Comcast Says It Will Offer Super-Fast “Gigabit” Service This Year

Comcast Today: Plus, more about the competition from Sling TV.

Comcast’s Internet service is about to get blazingly fast, Gizmodo reports:

In an exciting if suspicious announcement today, Comcast, everybody’s least favorite company, just told an audience at CES that it would start offering home customers gigabit internet speeds in 2015.

That would be a huge improvement, since Comcast’s current “Extreme” plan only offers speeds up to 150 megabits per second. It remains unclear exactly how many customers would get Comcast’s new headline-grabbing gigabit offering. Comcast has been dangling the possibility of offering these speeds for a while. A couple years ago, it showcased the ability to achieve 3 Gb/s speeds on its network and announced last year that some of its customers would enjoy all fiber networks. It even trademarked a catchy name for a new service: “True Gig.”

So wait. Why suspicious?

All that said, Comcast has also argued that the average American doesn’t need superfast gigabit internet. That particular statement was a seemingly defensive swipe at Google Fiber and other startup ISPs offering much faster connections at lower prices. However, now that Comcast is preparing to take over the entire country if the proposed Time Warner deal goes through, the company is suddenly trying to act competitive. Which is probably an appropriate thing to dowhen being accused of anti-competitive behavior.

Ars Technica adds: “We asked Comcast what its gigabit service will cost and what the upload speeds will be, but the company said ‘that will come at a later date TBD.’”

Sling TV

On Tuesday, we told you about Sling TV and how — because it has ESPN — it might finally offer a cord-cuttng solution to let the masses start abandoning cable in favor of Internet-powered television.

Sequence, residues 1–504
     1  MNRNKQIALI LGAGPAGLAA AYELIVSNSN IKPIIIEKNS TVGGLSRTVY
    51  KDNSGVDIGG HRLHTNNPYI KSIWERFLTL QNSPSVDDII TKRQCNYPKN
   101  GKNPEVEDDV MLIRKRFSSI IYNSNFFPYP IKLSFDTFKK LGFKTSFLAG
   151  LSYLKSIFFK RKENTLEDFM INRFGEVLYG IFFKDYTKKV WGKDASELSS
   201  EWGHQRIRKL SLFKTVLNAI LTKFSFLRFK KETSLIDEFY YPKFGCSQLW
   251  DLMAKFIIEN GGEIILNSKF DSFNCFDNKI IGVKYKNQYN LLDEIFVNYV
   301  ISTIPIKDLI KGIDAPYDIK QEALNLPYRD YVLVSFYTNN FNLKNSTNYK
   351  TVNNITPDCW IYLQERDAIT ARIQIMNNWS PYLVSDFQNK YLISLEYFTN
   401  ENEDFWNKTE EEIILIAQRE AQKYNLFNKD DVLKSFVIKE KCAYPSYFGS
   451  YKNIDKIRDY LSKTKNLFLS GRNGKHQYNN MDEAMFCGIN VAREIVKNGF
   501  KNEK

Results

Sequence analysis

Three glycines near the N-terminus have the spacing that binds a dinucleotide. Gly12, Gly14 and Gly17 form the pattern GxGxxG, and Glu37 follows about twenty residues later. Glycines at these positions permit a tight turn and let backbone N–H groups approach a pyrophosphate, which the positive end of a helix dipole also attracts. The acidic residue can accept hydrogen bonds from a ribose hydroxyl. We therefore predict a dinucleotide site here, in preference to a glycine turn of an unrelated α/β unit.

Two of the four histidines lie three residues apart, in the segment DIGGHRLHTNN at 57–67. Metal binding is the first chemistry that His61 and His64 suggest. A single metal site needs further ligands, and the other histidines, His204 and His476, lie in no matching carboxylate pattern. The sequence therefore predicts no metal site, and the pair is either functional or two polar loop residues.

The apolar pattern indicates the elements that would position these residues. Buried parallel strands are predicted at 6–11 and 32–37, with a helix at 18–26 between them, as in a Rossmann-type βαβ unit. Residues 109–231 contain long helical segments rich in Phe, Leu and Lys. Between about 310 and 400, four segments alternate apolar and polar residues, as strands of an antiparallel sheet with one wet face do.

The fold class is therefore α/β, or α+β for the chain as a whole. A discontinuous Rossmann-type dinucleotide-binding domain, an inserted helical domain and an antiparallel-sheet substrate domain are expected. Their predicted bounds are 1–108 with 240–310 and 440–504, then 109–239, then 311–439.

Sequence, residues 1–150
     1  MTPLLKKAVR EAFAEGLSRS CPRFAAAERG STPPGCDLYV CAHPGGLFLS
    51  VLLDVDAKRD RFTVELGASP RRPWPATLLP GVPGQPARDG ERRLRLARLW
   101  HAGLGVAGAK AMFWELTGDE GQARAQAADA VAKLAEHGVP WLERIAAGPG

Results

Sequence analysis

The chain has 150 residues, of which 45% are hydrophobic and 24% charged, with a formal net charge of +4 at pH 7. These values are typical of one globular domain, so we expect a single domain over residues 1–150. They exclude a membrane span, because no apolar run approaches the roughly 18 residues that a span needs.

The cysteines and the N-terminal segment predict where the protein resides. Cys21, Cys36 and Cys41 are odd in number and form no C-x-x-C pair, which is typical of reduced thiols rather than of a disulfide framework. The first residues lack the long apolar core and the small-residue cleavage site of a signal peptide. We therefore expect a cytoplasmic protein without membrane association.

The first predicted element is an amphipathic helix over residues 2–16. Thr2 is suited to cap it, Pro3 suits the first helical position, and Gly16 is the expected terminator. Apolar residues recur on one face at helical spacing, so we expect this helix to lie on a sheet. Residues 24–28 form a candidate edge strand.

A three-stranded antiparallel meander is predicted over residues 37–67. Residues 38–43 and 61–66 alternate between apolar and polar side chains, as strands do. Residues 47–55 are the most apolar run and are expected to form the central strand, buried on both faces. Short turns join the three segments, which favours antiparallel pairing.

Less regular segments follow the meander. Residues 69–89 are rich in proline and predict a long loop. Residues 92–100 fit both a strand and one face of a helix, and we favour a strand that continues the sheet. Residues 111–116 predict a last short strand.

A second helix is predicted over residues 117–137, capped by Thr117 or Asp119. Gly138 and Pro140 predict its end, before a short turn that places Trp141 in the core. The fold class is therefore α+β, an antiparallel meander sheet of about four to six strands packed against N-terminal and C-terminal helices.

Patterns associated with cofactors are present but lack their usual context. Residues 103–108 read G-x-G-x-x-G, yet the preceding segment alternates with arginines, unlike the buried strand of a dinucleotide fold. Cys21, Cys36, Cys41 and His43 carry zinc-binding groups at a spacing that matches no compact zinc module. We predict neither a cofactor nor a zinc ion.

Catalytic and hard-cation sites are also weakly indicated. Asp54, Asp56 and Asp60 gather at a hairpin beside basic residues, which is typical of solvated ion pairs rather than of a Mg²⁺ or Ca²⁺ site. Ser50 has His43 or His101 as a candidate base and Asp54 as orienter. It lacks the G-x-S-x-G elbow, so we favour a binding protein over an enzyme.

Comcast exects are putting a brave face on, for now. FierceCable reports:

Speaking at Citigroup’s 2015 Internet, Media & Telecommunications Conference Tuesday, Comcast Cable  EVP and CEO Neil Smit said that while OTT offerings such as Sling TV are interesting, when coupled with the cost of a high-speed broadband connection, Sling TV’s cost is equivalent to a digital TV package from Comcast. “We offer a performance-based broadband product along with digital TV that includes ESPN and the broadcast networks for a price of $80,” Smit said. “If you compare that to the $20 Dish OTT package plus broadband at $67 per month, we are a lower price.” Comcast Cable EVP and CTO Tony Werner added: “It’s a higher price point for an inferior product.”

OTT, incidentally is industryspeak for “over-the-top content,” which basically refers to video services delivered through the Internet, outside cable channels.

The Hollywood Reporter, meanwhile, speculates that the new service will prompt cable companies like Comcast to fulfill the dreams of many customers and offer “a la carte” channel picking — pay for the channels you want to watch, don’t pay for the ones you don’t. (You won’t have access to those unpaid-for channels, either.)

MoffettNathanson analyst Craig Moffett also said in a report that “we don’t think Dish’s new service will take the world by storm.” But he argued that “this product will find a niche and that its pricing will be genuinely disruptive,” plus it “takes a meaningful step towards a la carte, at least of a sort.”

He explained: “Consumers now have the ability to craft their own bundle that might, just might, be “good enough.” Combining a basic entry broadband and broadcast only package with a Netflix subscription or a password-shared HBO Go service may give consumers enough content at a reasonable price to render the bigger [pay TV] bundles unattractive.”

It’s a brave new world for the cable industy.